Thursday, July 24
Who's Unpatriotic Now?
by Paul Krugman, New York Times, July 22, 2003
Some nonrevisionist history: On Oct. 8, 2002, Knight Ridder newspapers reported on intelligence officials who "charge that the administration squelches dissenting views, and that intelligence analysts are under intense pressure to produce reports supporting the White House's argument that Saddam poses such an immediate threat to the United States that pre-emptive military action is necessary." One official accused the administration of pressuring analysts to "cook the intelligence books"; none of the dozen other officials the reporters spoke to disagreed.
The skepticism of these officials has been vindicated. So have the concerns ...
Well, if we're going to talk about aiding the enemy: By cooking intelligence to promote a war that wasn't urgent, the administration has squandered our military strength. This provides a lot of aid and comfort to Osama bin Laden — who really did attack America — and Kim Jong Il — who really is building nukes.
And while we're on the subject of patriotism, let's talk about the affair of Joseph Wilson's wife. Mr. Wilson is the former ambassador who was sent to Niger by the C.I.A. to investigate reports of attempted Iraqi uranium purchases and who recently went public with his findings. Since then administration allies have sought to discredit him — it's unpleasant stuff. But here's the kicker: both the columnist Robert Novak and Time magazine say that administration officials told them that they believed that Mr. Wilson had been chosen through the influence of his wife, whom they identified as a C.I.A. operative.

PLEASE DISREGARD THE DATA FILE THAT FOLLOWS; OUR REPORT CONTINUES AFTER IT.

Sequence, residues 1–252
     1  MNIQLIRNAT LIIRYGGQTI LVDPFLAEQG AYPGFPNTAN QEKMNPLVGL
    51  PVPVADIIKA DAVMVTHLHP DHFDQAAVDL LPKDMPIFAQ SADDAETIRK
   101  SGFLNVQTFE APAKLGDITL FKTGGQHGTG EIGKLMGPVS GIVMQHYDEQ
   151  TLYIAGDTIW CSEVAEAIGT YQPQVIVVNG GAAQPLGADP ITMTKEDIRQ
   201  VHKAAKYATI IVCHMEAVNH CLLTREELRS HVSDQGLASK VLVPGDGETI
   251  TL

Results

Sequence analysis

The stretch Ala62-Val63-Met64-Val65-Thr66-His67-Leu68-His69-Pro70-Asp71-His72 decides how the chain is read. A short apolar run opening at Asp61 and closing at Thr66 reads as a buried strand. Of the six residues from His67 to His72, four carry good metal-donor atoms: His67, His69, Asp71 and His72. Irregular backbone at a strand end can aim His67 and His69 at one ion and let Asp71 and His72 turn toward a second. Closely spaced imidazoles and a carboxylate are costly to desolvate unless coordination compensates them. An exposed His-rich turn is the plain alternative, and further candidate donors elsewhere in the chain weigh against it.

Think about that: if their characterization of Mr. Wilson's wife is true (he refuses to confirm or deny it), Bush administration officials have exposed the identity of a covert operative. That happens to be a criminal act; it's also definitely unpatriotic.
So why would they do such a thing? Partly, perhaps, to punish Mr. Wilson, but also to send a message. [...]